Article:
1st of July 2014 – Over-time strike, management reacts with new shift system and slight increase in bonus payments
They agreed that if overtime payment was not increased by 30th of June they would stop working overtime from 1st of July onwards. On the 1st of July all workers left the factory after eight hours. Till 10th of July the company officials didn’t say a word. On 11th of July management put up a notice. Despite management’s refusal to pay and their threats workers continued to work only 8 hours. From 13th of July they started operating a three 8-hour shift-system and together with the repression also increased the bonus by Rs 300 to Rs 1,500. In May the permanent workers had been stopped at the gate and refused entry. When they went to the labour department the company provided documents saying that they had been transferred to the company’s factory in Bangalore. They kept on sitting in front of the gate. During the following month also some temps were stopped and they joined the sit-in of the 7-8 permanents at the gate. Since June around 50 workers…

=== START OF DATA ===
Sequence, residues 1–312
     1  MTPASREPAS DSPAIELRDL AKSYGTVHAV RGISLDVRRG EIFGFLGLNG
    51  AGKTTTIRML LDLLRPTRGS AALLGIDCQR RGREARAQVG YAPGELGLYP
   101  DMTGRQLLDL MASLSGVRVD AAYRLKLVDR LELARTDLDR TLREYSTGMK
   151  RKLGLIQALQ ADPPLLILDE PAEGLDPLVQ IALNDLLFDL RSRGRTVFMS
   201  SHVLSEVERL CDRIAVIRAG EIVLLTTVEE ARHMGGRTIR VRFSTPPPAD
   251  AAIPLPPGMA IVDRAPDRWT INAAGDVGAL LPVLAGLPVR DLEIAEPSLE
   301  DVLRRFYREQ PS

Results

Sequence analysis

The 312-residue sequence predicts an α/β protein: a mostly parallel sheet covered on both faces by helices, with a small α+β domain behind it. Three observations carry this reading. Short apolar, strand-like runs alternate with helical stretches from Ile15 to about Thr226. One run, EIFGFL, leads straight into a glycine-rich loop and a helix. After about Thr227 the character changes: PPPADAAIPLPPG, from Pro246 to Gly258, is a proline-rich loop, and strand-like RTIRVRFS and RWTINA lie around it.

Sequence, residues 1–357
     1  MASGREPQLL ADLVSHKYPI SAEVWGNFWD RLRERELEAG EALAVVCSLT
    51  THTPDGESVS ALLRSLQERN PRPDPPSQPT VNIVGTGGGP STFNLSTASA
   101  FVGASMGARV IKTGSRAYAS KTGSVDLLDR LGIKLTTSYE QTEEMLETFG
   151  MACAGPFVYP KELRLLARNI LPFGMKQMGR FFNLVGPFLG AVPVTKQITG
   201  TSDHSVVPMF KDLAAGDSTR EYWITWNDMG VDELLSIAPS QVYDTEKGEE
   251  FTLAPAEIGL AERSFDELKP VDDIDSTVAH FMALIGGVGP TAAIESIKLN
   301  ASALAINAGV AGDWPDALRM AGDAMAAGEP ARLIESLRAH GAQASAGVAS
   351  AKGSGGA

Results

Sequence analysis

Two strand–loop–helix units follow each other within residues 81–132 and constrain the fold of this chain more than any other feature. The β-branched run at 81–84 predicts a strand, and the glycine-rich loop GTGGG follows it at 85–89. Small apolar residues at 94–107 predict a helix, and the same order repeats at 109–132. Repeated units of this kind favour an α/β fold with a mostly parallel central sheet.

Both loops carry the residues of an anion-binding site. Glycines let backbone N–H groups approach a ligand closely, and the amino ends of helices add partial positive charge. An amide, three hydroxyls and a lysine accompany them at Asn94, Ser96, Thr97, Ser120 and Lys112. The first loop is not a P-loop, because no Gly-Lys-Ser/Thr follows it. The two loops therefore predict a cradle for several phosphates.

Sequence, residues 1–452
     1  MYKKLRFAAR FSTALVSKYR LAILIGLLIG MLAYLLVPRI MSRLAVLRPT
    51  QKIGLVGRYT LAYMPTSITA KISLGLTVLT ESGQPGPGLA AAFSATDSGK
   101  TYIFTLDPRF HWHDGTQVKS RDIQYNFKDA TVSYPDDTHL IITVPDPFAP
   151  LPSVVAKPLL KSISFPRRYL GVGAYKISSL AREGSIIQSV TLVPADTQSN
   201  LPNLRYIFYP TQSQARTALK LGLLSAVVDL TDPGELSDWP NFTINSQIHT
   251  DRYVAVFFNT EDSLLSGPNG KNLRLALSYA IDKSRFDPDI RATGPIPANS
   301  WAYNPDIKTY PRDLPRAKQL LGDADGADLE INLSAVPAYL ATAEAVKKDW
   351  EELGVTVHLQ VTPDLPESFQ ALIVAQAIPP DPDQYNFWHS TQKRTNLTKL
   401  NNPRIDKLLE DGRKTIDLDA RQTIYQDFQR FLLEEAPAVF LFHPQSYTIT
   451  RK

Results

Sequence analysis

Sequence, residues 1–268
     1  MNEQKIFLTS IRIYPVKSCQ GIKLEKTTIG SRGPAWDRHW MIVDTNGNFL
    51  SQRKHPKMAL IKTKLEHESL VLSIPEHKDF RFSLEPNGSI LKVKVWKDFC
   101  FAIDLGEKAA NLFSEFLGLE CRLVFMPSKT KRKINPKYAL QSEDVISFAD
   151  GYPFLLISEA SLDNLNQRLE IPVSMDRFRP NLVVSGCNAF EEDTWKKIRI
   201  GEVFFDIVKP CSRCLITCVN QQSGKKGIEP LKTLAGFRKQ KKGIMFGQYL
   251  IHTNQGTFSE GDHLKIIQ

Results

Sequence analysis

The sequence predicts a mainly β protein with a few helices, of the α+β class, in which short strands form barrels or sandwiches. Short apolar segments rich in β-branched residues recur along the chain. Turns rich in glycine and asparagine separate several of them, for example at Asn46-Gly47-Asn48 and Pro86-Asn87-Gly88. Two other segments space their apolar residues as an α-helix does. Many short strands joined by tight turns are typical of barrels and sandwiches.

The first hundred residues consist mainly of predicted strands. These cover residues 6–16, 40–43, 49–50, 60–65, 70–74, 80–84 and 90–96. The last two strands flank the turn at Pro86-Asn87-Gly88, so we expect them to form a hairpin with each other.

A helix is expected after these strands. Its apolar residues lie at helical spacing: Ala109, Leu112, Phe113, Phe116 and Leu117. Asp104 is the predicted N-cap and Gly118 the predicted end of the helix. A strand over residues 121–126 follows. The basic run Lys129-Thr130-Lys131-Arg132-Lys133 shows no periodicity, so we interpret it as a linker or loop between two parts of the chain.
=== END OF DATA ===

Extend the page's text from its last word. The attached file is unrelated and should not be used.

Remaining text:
July 2014 – Second attempt of union registration:
The few permanent workers sent a second file for union registration in July 2014. The company got to know about this. The company had given Rs 500,000 bribe to officials in Chandigarh and got hold of the list with the 187 signatures. They called them in individually or in pairs and threatened them. Management called the eight permanent workers who were official representatives and both threatened and lured them, offering between Rs 3 and 5 million. The company did not let these eight workers go to work between 15th of July and end of October 2014. During the time the permanents were not at work some temporary workers had four meetings in the hills of Manesar. There were about 600 to 700 workers. HMS leaders from Gurgaon delivered speeches: keep the unity! you all will be made permanent! the wages will be good; everything will be fine. In July and August 2014 union dues were collected. The 25 to 30 old helpers gave Rs 1,000 each, the 400 operators Rs 2,000 and the 200 foremen also Rs 2,000 each. After the eight permanents returned to work there was silence from the union…